German Chancellor’s Refusal to Shake Hands at G20 Summit Criticized as Counterproductive

The decision of German Chancellor Olaf Scholz and Foreign Minister Annalena Bärbock to refrain from shaking hands with Russian Foreign Minister Sergei Lavrov during the G20 summit in India has drawn criticism.


Focus columnist Ulrich Reitz has expressed the view that this gesture was aimed at portraying Moscow as isolated, but he argues that it is an ineffective approach that lacks diplomatic finesse.

Isolation Narrative and Its Flaws

Reitz points out that the refusal to shake hands with Lavrov was an attempt to depict Russia as isolated on the international stage. However, he highlights two key flaws in this strategy.

Firstly, he asserts that Russia is not truly isolated, given its active engagement with countries like those in the BRICS coalition. Secondly, he believes that such symbolic actions serve no practical purpose and instead reinforce self-righteousness without achieving diplomatic objectives.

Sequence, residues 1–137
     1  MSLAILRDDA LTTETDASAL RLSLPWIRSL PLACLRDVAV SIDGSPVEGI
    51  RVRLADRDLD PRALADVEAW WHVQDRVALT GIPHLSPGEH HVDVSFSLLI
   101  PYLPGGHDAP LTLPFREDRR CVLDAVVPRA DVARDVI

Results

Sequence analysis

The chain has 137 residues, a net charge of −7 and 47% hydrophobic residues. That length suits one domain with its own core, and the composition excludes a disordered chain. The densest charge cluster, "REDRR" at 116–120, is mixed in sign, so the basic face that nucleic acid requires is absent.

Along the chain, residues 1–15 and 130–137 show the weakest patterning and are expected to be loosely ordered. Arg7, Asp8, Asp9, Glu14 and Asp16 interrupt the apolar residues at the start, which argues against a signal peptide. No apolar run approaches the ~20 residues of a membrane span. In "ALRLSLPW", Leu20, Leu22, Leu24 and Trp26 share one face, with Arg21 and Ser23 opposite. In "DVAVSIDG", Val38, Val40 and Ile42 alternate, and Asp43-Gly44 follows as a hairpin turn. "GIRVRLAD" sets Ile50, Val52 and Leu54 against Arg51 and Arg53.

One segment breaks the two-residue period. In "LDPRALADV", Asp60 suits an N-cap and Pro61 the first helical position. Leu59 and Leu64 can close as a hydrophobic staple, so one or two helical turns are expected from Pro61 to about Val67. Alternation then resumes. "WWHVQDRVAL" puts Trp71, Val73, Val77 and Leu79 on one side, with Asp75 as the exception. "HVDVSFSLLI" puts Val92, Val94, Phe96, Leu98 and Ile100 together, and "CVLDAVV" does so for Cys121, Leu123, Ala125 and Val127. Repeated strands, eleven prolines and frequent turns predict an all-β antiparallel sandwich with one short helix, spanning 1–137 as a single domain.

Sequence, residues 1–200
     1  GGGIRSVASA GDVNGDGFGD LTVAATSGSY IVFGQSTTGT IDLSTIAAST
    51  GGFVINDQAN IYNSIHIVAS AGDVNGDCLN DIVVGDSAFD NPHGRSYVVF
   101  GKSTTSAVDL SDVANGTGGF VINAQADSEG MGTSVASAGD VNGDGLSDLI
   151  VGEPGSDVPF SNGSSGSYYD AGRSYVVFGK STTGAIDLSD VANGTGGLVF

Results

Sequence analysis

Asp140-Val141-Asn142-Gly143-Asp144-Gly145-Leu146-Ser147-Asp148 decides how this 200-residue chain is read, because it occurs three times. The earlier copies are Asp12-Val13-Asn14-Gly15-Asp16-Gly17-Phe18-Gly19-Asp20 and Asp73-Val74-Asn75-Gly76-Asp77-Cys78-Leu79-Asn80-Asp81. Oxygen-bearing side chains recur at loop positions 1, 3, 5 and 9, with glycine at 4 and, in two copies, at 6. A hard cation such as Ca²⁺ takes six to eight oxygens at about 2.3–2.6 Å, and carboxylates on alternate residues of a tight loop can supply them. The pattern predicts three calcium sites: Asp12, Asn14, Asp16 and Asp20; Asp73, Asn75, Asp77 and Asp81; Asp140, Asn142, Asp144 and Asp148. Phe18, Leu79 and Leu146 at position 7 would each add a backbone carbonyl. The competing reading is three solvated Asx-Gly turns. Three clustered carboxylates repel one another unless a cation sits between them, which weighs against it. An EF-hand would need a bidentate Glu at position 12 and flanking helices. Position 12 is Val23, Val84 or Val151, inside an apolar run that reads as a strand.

Symbolic Policy Criticized

Reitz characterizes this approach as a “demonstrative” and “symbolic policy” that lacks substance. He believes that it is counterproductive and ultimately a display of weakness rather than a strategic diplomatic maneuver. He emphasizes that diplomacy should prioritize seeking mutual understanding and cooperation rather than symbolic gestures.

Complex G20 Summit

The G20 summit in New Delhi was described as one of the most challenging in the forum’s nearly fifteen-year history. Svetlana Lukash, Russia’s G20 Sherpa, attributed these challenges to disagreements over issues like Ukraine and broader topics such as climate change and the transition to low-carbon energy systems.

In summary, the refusal to shake hands with the Russian foreign minister at the G20 summit has sparked debate, with critics like Ulrich Reitz arguing that such symbolic gestures lack diplomatic efficacy and undermine the pursuit of mutual understanding in international relations.

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